The Extraordinary Everyday Playground

She crossed the bridge!  SHE CROSSED THE BRIDGE!  Without my help and without falling.  She crossed the bridge.  This was last Summer.  She didn't falter or doubt herself, she just propelled forward and as I held my breath, she crossed the bridge.  She never looked back.  She walked a month after her brother and she crossed the bridge alone about 3 weeks after her brother.  It's been all running across the bridge and taking on more difficult challenges each visit. That's why I love the playground.  They get to learn something new with each visit.  I get to learn something new with each visit. And I get to be astounded by what they can do on their own.

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I look for the extraordinary in the everyday and I don't have to look very far. This playground, this old playground that we have been to a hundred times this Summer, is torn down now in preparation for a brand new playground in it's place. Actually several parks in our area of the City of Chicago are getting complete overhauls and it's a great time to have little ones enjoying the parks.   But this old park's demolition is bittersweet.  While I welcome the new - sure to be safer with no splintered wooden boards - playground, I will miss it's simplicity.

This is a good metaphor for growing kids, no? Growing healthy kids are absolutely what we want, and yet, there a tinge of sadness for what is gone forever as they grow.

We go to several playgrounds around our home, and you would think it would get tedious or repetitive, but it never does.  Each visit, I am stupefied.  I am impressed and filled with wonder that these little people can just do this stuff with no help for the most part.  There are still major areas of the playground that are for big kids and they know that, but the amount of precision and coordination and just curiosity that it takes to conquer the parts they take on, astounds me.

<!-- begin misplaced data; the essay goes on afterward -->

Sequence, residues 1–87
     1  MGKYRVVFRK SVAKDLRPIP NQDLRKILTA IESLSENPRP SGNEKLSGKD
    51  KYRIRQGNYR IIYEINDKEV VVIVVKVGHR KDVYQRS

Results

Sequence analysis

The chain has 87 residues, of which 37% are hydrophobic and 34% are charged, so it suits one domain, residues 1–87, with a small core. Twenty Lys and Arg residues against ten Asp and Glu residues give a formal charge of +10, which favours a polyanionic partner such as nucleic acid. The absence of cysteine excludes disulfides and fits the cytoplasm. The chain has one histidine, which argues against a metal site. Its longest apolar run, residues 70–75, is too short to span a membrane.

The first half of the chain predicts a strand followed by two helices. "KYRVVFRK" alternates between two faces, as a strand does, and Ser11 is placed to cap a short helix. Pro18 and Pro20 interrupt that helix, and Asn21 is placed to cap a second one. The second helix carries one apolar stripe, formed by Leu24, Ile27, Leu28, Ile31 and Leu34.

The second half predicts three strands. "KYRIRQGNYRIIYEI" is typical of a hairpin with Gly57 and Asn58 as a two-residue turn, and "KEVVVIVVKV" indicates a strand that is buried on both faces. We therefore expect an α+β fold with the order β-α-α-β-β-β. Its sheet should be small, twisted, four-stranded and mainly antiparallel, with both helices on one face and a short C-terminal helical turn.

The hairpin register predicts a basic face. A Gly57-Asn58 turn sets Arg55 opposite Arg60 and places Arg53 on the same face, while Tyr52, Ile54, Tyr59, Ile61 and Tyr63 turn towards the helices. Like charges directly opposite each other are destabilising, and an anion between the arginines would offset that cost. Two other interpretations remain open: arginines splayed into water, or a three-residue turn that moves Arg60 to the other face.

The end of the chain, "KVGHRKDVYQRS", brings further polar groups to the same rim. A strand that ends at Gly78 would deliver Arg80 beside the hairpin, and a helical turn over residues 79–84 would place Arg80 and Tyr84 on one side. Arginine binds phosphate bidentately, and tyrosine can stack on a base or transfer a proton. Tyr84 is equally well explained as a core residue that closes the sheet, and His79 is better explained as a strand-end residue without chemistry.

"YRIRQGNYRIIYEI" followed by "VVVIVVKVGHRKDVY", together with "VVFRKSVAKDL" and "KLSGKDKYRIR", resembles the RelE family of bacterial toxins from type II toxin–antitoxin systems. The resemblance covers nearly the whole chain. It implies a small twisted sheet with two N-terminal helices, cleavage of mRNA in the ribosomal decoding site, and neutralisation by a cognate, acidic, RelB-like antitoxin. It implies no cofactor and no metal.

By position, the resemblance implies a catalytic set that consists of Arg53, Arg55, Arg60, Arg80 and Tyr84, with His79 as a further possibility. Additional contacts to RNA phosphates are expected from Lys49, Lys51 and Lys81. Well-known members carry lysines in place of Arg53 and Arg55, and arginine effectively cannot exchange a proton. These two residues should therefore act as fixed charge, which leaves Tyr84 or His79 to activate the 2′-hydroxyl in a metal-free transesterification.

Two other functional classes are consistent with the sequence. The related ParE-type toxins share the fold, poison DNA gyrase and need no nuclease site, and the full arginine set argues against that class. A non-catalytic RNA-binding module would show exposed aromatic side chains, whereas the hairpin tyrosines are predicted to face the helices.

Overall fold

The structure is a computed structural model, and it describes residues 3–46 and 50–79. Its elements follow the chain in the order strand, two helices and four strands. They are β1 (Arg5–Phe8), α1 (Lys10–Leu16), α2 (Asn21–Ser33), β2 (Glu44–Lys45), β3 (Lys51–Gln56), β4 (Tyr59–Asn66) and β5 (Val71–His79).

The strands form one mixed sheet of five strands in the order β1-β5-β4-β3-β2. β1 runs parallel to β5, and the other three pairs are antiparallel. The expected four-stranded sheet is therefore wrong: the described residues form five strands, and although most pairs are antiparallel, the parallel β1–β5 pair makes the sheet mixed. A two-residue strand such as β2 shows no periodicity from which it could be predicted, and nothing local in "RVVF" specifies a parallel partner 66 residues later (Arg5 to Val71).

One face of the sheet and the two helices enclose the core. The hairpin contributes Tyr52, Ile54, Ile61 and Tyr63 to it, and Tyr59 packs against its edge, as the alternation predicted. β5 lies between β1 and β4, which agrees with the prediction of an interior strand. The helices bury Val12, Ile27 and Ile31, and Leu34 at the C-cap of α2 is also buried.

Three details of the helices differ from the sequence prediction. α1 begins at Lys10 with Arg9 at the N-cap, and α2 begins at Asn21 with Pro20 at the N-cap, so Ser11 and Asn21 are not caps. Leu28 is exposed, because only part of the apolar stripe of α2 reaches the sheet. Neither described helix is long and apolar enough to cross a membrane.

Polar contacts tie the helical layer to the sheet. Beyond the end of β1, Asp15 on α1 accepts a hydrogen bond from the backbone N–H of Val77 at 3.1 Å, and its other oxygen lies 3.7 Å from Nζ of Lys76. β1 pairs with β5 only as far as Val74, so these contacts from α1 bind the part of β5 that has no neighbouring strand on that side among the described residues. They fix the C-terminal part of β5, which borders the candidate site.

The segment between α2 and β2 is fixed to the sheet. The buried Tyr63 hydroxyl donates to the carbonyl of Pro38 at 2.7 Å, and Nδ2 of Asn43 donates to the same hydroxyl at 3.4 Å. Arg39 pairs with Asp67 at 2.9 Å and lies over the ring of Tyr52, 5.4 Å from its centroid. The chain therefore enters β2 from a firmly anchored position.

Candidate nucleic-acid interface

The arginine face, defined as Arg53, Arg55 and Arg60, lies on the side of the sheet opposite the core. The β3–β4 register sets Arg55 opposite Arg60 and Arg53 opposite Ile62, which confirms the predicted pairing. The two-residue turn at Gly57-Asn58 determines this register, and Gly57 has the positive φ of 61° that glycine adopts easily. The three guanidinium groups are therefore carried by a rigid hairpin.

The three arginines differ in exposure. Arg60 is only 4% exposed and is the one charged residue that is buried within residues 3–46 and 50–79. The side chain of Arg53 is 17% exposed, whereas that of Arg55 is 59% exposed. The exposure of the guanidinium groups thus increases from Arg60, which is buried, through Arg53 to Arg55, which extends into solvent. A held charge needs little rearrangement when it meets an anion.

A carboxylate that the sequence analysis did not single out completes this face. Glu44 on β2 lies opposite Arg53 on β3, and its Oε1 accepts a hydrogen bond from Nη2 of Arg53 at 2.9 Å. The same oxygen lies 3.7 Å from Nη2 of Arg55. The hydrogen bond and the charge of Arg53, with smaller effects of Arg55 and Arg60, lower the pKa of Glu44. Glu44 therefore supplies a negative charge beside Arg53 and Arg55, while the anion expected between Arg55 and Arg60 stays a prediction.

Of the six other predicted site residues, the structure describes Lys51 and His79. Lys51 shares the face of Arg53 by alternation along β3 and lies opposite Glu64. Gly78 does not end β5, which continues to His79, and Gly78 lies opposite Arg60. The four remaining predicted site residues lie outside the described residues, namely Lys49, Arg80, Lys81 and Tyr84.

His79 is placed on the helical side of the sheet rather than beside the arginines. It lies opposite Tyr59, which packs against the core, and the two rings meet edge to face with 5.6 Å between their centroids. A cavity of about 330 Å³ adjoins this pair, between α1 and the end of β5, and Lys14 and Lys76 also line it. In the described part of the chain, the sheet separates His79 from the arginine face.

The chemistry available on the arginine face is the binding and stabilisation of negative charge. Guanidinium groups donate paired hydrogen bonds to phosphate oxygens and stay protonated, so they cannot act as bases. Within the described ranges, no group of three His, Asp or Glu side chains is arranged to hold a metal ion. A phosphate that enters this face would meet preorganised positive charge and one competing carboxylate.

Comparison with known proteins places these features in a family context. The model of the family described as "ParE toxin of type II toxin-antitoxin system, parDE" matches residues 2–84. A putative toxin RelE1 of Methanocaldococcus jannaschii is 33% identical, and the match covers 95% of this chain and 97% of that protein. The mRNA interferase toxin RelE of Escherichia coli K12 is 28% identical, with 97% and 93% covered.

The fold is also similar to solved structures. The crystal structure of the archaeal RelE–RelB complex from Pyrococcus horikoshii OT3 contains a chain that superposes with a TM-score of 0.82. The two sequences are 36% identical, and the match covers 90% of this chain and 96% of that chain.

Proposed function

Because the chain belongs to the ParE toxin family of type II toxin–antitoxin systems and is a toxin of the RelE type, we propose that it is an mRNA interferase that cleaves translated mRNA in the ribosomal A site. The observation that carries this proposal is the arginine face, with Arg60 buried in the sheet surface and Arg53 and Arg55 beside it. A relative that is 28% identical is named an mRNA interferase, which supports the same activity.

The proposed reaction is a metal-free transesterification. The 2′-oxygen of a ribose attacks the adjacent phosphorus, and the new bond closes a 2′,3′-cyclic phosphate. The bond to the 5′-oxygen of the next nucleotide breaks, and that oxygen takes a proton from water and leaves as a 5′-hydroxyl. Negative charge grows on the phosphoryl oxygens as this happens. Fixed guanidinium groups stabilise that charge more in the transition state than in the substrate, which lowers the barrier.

These days we get to the playground, I release them from the stroller and I immediately split in two.  They are 21 months.  Big enough to handle a lot on their own, but also learning boundaries  (there are busy streets all around the parks), so they require constant vigilance from their caregivers when out in the "wild".

The other parents laugh with me as I chase after one and run backwards to keep my eyes on the other one.  I know one day I will be able to sit and drink a coffee while I watch my kids play, but for now, I am happy for the exercise.  They keep me on my toes and they keep my mind and body alert and for that I am thankful.  I laugh with them and I get terrified when one is out of my sight for a second only to pop back up and say, "MAW MAW" (my boy somehow has a southern drawl when saying mama) and lock eyes with me before taking off again.

I have a special affinity for parks.  Hell I lived in a park for a period of my life when I was homeless - as shared last year in this Scary Mommy post I wrote - Walk of the Not Quite Dead.  Today I have a completely different view of the Chicago Parks, as I do with everything in my life.

I love the parks.  I love the freedom they afford a mom like me who needs some containment and yet allows my kids the safety to run relatively free. FOR FREE.  I love the challenge it affords them.

I love that they get to interact with all kinds of other kids at the park and to watch that develop.  They learn to take turns and to show compassion if someone gets hurt.  How these little creatures develop socially and maneuver their way through the world at this stage is intriguing and beautifully mystifying.

They need to be allowed to hurt themselves and start to learn about consequences. Nothing awful, mind you, but a little fall isn't a bad thing. And I cannot be with two at the exact same time when they are in different places.  But I won't just keep them home and not let them experience everything life has to offer them just because it's a little trying for me at times.  I stand back and watch it all with awe and wonder and with a lump in my throat take in the magic of the extraordinary everyday.  I try to give them as much space as I can while still being at the ready to help and keep them from real harm.

This time we have here is fleeting and I don't want to miss a second of it.  I don't want them to miss a second of it.  So we clap and we celebrate every little thing.

The uninitiated kisses on the playground rip my heart into a thousand pieces and remold it into one 10 times bigger.  After being called many different (usually negative) names in my lifetime, hearing a small, "mama" and knowing it's one of my kids rockets me into another dimension.

We kiss and we hug and we high five and we talk about everything.  I want them to have everything.  And yet I want them to know that they won't get everything they want.  I want them to be fearless and yet, to know that if they are afraid, we are right here and that they will be okay. We talk about what we can do better and how to navigate this treacherous, yet absolutely exciting wonderful world they are just meeting head on for the first time.

It's simple.  It's perfect.  It's free.  The extraordinary everyday playground. It is ours for the taking.  And I am taking as much of it as we can get. Because what we get back is extraordinary.

 

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